Eggplant Rollatini Recipe

This low carb eggplant rollatini recipe is full of your favorite Italian textures and flavors but without the heavy carbs. Eggplant is sliced thinly, dipped in egg and a low-carb coating mixture that has been seasoned with Italian herbs, then it’s baked until golden, filled with a creamy ricotta, covered in tomatoes and Mozzarella cheese and baked again. The result is a gooey, creamy, crunchy bite of Italian flavor without the carbs. And it’s wonderful.

This low carb eggplant rollatini recipe has all the flavor and texture of the original but with under 6 carbs.  restlesschipotle.com

I love Italian food. The rumor is that I am part Italian (I am adopted) and that the person who fathered me was the son of people who owned an Italian restaurant in Chicago in the 1950s. According to the story that I have, my birth mom was a runaway, got a job in a restaurant, and hooked up with the son. When the Italian mama found out she paid my birth mom to hit the road. So, in my imagination I am related to wealthy restauranteurs who dabbled in the mafia… because… Chicago.

It does explain my love for Italian food and weaponry of all kinds, though, doesn’t it?

I hate that all of the Italian food that I love so much is so high in carbs. A plate of ravioli will make me gain 5 pounds in water weight in a 24 hour period — and I am talking about a normal plate size, not pounds of the stuff. Eggplant rollatini and eggplant parmesan (other favorites) are swathed in thick layers of carby breading. Garlic bread, spaghetti — the list goes on and on.

Low carb eggplant rollatini recipe is perfect when you are craving Italian food. Restlesschipotle.com

I saw some gorgeous eggplant in the store and it occurred to me that I might be able to create a lower carb version of my favorite eggplant dish. I love a good, crunchy eggplant rollatini recipe with the eggplant rolled around creamy ricotta then baked under a blanket of tomato and Mozzarella. The bite is total perfection – gooey cheese, tangy tomato, crunchy breading, and creamy ricotta – and I have been craving it bad.

Well, I did it. I really did. I made eight, low-carb eggplant rollatini rolls and because noone else likes eggplant I get to eat them all myself. :::queue evil laughter::::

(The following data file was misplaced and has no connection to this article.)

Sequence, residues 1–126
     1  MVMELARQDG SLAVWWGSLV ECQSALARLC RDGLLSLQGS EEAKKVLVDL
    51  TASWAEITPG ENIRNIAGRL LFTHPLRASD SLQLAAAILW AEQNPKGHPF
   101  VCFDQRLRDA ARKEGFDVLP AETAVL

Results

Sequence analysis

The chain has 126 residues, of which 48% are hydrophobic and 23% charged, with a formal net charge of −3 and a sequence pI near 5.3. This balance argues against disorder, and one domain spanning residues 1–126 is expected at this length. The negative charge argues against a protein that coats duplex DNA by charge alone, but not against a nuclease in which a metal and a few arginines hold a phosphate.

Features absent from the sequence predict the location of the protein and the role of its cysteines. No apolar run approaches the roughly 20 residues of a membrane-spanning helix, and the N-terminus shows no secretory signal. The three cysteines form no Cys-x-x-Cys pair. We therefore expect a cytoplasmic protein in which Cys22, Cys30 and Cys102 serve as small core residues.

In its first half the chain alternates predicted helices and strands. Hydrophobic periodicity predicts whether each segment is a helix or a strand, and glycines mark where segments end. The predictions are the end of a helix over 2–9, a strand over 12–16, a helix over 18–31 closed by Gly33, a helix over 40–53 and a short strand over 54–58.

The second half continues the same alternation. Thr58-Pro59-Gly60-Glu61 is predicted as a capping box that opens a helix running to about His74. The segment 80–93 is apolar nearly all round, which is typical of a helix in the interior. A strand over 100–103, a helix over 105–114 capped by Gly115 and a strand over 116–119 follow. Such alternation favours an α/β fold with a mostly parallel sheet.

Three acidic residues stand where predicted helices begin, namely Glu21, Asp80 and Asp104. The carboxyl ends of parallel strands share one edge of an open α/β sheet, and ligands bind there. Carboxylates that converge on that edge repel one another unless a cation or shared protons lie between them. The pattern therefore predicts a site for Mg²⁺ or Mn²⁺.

Here are the steps to making the eggplant rolls in the eggplant rollatini recipe - restlesschipotle.com

A lot of people tell me they don’t like eggplant and then love it when I make it. I think there are two rules that you have to follow in order to get the perfect texture and flavor.

  1. Cover the sliced or diced eggplant with salt and let drain in a colander for 1 hour. Rinse well to get all of the salt off.
  2. Bake it long enough. Eggplant, when properly baked, has the texture of a firm custard — rich, smooth, and creamy.

In this recipe you’ll be cutting the eggplant longwise into thin slices — but not too thin. You’ll get about eight 1/4-inch thick slices from an eggplant. No need to peel it! The skin helps keep the rollatini shape.

Low carb eggplant rollatini recipe is perfect when you are craving Italian food. Restlesschipotle.com
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Eggplant Rollatini Recipe

Creamy eggplant with a crispy coating surrounds a filling of rich whole milk ricotta. It's covered with tomatoes and cheese and baked to perfection.
Prep Time 35 minutes
Cook Time 30 minutes
Total Time 1 hour 5 minutes
Servings 8 rolls
Calories 183kcal
Author Marye

Ingredients

Eggplant

  • 1 eggplant sliced longwise in 8 1/4-inch thick slices
  • salt Kosher
  • 1 egg beaten
  • 1/2 cup canned diced tomatoes
  • 1 tablespoon olive oil
  • 2 ounces Mozzarella shredded fresh

Breading

  • 1/2 cup almond flour
  • 3/4 cup Parmesan cheese the kind in the green cylinder on the pasta aisle at the store
  • 1/2 teaspoon dried basil
  • 1/2 teaspoon dried oregano
  • 1/4 teaspoon garlic powder
  • 1/4 teaspoon parsley

Filling

  • 1/2 cup whole milk ricotta
  • 2 tablespoons grated parmesan
  • 1 egg
  • 1/4 teaspoon garlic

Instructions

  • Place the eggplant in a colander and cover with kosher salt, mixing so that the salt covers all surfaces of the eggplant.
  • Let drain 30 minutes to an hour.
  • Preheat the oven to 425F.
  • Spray a baking sheet with nonstick spray.
  • Rinse the eggplant well.